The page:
My Day by Eleanor Roosevelt

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HYDE PARK—The running controversy between New York City Controller Gerosa and other officials over the proposed $500,000,000 bond issue for school construction is one of those public questions which cannot be decided without long-range study. One has to look into the situation beyond the mere fact of whether there will be enough money available to meet this year's school construction requirements. As elsewhere throughout the nation, our problem is to assure adequate educational facilities for a growing school population over a period of years.

The bond issue will be submitted on November 3 to the people of the state as a constitutional amendment. The city proposes to spend a maximum of $50 million a year from these funds, which are exempt from the debt limit. Under state law the city will be required to match bond issue money for school construction from funds within the debt limit.

Controller Gerosa claims that the city has enough funds within the debt limit for school construction this year, but the question is whether that will be true in the years ahead. Mr. Gerosa charges that the City Planning Commission has been "dreaming big dreams," and that is why a bond issue outside the debt limit is necessary. The Controller says that these requests are padded. He claims that the Planning Commission simply spends more and more money and makes higher and higher demands, and therefore has to propose going outside the debt limit. On the other hand, supporters of the bond issue say that while Mr. Gerosa may be correct in assuming that these capital needs could be covered this year from the tax fund, it would be at the expense of other vital needs the city cannot ignore.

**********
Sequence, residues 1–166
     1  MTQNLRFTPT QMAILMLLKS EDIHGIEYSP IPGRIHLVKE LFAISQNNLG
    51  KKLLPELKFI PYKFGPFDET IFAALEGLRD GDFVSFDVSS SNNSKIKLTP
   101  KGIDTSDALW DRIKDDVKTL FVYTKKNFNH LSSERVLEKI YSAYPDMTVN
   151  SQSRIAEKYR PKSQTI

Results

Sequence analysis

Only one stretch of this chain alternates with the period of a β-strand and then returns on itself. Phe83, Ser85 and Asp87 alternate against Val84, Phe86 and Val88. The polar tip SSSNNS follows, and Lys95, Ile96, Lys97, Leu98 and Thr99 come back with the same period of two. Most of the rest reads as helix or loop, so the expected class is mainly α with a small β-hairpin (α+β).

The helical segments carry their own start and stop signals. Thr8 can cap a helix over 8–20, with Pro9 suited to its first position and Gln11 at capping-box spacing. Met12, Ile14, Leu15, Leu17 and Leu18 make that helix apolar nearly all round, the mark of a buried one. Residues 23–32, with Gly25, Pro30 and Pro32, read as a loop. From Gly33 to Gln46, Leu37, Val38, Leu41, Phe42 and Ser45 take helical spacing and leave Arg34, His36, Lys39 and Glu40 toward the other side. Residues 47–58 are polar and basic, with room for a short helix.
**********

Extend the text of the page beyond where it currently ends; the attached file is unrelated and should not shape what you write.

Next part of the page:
As far as I can see, there is no way to be sure that the funds Mr. Gerosa has this year will be available next year. If we are going to do what we should for the children in this city, we must know what we will have for a number of years ahead. We cannot plan to spend our funds economically and well unless we can look into the future. Moreover, the city cannot allocate all of its available funds to the schools. Our population increases, placing added burdens on such things as the transit facilities and sewage system. No city can afford to ignore everything else that is vital and concentrate exclusively on the schools. Yet it is absolutely necessary that our schools be adequate. Otherwise we are throwing away the future and expecting our children to do their part in the world of tomorrow without proper preparation. They will not thank us for our parsimony in keeping from them the best possible training.

I have a feeling that in all public works it is possible to save money. If there were no politics connected, it might be possible to double such savings. But this is a situation in which it is better even to accept some waste rather than deny our children the education without which they certainly can not compete in the world of tomorrow.

E.R.
TMs, AERP, FDRL